[TIP] unittest q: keeping track of the *right* number of tests

Marius Gedminas marius at gedmin.as
Mon Mar 23 14:14:25 PDT 2009


On Sun, Mar 22, 2009 at 07:15:08AM -0700, C. Titus Brown wrote:
> we're running into an interesting problem over on the pygr project: the
> number of tests to run varies according to the installation, and we're
> having trouble tracking the expected number of tests.
> 
> Briefly, we include or skip entire test suites depending on whether or
> not MySQL, sqlite, and/or BLAST (a sequence comparison package) are
> installed.  How should we track how many tests *should* actually be run?
> 
> (This is a more general problem, incidentally; I've noticed that in
> projects with thousands of tests, a few can slip through the cracks and
> become "not executed" without anyone noticing, for a variety of reasons
> (inappropriate skipping, poor if statement usage, function renaming,
> etc.)
...
> Thoughts?

I dislike the idea of having to increment a number somewhere when I add
a test.  Then again I was never bitten hard by tests that quietly
slipped through the cracks.

I running pyflakes on the source tree (in buildbot) and watch for
redefined function warnings.  Those have happened a few times, usually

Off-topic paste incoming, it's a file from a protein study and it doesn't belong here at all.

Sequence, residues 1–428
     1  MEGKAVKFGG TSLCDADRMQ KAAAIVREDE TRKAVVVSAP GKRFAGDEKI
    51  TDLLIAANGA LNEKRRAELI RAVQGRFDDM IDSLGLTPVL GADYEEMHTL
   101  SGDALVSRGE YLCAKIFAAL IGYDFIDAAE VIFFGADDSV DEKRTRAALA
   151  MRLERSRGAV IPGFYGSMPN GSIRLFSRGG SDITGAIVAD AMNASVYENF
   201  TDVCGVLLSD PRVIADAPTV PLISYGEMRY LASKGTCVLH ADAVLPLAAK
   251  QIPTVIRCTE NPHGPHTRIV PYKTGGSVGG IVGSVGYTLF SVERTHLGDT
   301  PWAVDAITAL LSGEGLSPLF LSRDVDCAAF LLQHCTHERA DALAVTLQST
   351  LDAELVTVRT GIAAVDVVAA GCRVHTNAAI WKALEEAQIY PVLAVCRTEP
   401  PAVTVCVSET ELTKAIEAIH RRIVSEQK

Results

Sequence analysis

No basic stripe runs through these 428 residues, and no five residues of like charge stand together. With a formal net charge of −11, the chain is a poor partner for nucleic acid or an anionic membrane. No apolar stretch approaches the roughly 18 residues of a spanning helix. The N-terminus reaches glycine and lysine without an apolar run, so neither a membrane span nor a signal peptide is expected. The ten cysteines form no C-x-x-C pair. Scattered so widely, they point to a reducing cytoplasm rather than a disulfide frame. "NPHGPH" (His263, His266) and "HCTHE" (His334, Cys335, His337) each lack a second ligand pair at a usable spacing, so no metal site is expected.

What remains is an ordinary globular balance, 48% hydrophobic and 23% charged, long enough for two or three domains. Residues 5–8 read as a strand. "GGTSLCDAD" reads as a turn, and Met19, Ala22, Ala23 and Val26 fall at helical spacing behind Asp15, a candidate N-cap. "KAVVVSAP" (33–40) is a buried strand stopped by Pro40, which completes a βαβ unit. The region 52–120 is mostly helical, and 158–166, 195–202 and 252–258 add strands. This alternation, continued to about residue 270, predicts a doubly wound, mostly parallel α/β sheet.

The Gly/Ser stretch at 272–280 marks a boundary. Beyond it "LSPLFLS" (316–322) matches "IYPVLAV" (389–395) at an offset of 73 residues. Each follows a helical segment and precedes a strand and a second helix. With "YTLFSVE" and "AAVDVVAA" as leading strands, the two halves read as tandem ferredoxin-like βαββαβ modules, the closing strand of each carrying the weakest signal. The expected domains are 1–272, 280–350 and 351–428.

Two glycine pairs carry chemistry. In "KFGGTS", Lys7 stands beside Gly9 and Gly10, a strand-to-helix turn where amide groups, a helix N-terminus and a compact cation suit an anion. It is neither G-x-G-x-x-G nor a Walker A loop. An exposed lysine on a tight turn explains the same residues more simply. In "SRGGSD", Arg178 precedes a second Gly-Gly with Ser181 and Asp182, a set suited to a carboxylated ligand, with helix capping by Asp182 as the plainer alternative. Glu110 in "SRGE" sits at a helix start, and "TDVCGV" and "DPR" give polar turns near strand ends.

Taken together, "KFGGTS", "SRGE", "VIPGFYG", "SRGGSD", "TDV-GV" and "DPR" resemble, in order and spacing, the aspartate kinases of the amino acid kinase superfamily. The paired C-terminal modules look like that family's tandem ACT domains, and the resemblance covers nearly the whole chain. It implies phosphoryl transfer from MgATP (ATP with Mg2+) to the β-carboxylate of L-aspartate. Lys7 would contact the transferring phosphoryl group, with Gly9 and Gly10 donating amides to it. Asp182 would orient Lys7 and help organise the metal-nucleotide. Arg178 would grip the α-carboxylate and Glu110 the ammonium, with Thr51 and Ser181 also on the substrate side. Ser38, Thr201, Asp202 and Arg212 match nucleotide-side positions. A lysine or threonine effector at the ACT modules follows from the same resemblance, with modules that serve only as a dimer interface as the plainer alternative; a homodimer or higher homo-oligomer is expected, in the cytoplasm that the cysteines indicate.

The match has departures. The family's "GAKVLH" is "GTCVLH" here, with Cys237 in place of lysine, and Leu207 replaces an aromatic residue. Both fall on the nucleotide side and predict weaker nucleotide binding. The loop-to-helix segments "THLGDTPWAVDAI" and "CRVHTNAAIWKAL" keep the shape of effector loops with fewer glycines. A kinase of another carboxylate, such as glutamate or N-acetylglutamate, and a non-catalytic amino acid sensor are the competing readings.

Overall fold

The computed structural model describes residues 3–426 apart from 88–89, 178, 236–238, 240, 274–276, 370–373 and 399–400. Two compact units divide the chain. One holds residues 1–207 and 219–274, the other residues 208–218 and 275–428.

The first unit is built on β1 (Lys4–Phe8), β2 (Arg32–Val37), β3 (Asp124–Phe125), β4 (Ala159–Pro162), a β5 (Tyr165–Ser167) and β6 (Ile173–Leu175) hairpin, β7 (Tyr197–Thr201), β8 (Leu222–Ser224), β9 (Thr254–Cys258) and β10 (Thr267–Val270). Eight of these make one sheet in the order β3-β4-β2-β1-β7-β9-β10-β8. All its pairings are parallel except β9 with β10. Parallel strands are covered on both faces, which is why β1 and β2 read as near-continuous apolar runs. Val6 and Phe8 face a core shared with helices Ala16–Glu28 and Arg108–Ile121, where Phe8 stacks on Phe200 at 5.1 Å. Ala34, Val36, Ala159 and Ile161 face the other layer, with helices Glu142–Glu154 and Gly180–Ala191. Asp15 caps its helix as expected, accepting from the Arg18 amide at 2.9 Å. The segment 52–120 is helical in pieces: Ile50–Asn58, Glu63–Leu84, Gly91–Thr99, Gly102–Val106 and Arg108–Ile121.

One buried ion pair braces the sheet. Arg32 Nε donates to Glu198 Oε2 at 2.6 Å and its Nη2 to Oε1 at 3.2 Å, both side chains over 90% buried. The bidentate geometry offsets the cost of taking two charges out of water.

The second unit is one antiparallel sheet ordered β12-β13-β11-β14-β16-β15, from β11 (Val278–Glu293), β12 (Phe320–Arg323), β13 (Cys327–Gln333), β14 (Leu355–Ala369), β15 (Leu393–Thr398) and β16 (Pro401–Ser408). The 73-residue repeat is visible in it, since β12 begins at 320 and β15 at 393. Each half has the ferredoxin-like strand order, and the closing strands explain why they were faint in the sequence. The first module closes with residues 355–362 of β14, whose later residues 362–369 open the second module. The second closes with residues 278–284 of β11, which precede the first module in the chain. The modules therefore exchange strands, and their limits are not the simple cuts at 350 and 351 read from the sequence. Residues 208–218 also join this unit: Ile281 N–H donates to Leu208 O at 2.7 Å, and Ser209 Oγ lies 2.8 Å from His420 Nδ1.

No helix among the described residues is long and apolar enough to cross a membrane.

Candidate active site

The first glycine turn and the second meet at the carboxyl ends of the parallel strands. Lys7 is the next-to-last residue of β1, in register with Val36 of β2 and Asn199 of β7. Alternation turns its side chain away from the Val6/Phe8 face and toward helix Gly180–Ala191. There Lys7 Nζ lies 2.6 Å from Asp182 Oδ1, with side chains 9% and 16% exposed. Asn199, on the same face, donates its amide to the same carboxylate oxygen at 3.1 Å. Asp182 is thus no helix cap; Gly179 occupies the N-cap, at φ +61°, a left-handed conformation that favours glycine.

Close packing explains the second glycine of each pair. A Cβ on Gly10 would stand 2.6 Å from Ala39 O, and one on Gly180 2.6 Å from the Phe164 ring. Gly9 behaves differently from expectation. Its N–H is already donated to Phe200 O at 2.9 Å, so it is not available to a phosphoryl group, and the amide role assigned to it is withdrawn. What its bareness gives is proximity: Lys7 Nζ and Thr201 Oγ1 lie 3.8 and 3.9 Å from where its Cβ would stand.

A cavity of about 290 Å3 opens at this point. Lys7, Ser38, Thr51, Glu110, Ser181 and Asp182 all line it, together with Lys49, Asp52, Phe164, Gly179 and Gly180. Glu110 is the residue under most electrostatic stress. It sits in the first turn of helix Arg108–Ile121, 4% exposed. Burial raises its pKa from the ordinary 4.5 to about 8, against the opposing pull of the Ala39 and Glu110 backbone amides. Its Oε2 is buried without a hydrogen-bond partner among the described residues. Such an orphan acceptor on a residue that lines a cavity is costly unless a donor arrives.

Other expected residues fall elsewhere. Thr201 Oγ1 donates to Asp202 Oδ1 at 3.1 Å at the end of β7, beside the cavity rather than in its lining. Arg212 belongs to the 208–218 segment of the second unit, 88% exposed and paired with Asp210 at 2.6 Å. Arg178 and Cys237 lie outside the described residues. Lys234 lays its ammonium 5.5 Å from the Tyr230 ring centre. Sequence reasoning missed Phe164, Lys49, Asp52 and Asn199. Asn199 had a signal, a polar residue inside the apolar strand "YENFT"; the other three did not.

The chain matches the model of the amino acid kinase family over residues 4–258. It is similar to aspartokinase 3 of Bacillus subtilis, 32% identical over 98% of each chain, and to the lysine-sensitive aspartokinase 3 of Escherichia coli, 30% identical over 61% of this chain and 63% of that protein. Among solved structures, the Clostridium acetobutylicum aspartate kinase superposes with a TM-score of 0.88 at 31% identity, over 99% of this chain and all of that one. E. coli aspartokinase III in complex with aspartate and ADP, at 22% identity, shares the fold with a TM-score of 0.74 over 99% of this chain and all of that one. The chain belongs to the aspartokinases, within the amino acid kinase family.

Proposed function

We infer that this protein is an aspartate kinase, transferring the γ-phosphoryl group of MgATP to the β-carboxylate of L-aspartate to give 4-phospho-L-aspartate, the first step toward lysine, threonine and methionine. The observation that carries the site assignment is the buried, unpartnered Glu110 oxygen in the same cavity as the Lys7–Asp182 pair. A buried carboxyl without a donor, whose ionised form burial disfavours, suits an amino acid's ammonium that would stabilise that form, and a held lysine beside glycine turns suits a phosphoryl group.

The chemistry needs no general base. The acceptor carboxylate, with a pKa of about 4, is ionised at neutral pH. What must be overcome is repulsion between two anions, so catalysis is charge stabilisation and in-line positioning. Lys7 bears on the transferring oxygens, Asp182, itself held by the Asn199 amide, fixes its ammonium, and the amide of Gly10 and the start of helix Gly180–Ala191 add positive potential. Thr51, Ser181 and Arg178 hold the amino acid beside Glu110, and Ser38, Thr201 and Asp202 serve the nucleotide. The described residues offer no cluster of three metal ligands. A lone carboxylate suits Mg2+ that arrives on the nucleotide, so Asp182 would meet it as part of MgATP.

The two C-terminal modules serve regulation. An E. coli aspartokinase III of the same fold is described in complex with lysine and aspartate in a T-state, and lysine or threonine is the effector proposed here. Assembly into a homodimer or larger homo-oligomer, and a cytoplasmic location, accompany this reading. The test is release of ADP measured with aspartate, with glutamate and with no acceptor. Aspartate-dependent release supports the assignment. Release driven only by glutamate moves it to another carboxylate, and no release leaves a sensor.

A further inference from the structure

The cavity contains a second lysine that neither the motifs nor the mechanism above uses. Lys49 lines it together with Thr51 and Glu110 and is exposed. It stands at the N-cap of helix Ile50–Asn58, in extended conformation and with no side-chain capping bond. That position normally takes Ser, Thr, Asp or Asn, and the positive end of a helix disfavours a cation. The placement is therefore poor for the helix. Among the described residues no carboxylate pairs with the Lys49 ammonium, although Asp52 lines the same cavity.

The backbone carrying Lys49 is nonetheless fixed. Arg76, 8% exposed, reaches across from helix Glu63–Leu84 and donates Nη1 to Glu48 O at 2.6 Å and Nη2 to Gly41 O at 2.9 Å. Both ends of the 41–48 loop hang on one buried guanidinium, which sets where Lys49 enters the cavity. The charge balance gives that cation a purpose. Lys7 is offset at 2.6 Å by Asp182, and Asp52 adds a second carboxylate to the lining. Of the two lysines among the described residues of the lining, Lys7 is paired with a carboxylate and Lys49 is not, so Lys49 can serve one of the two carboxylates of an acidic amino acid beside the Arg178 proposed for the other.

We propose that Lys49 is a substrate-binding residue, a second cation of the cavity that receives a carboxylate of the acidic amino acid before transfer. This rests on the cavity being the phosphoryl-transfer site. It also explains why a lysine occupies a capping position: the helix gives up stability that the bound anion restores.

when you copy and paste a test and then forget to change the name.

Having test coverage reports also helps discover tests that somehow got
disabled.

Having discipline to see a test fail on your machine before you make it
pass and check in helps; then you could track (in buildbot) the tests
that were run in the previous run and the ones that are being run now
and warn about ones that disappeared.

I've also experimented with buildbot displaying the number of tests that
have been run: http://zope3.pov.lt/buildbot/ .  It is interesting to
observe the differences in the total number of tests across platforms,
but I don't think anybody ever noticed any tests that got lost by
comparing the total number of tests between builds.

Marius Gedminas
-- 
This is an object-oriented system.  If we change anything, the users object.
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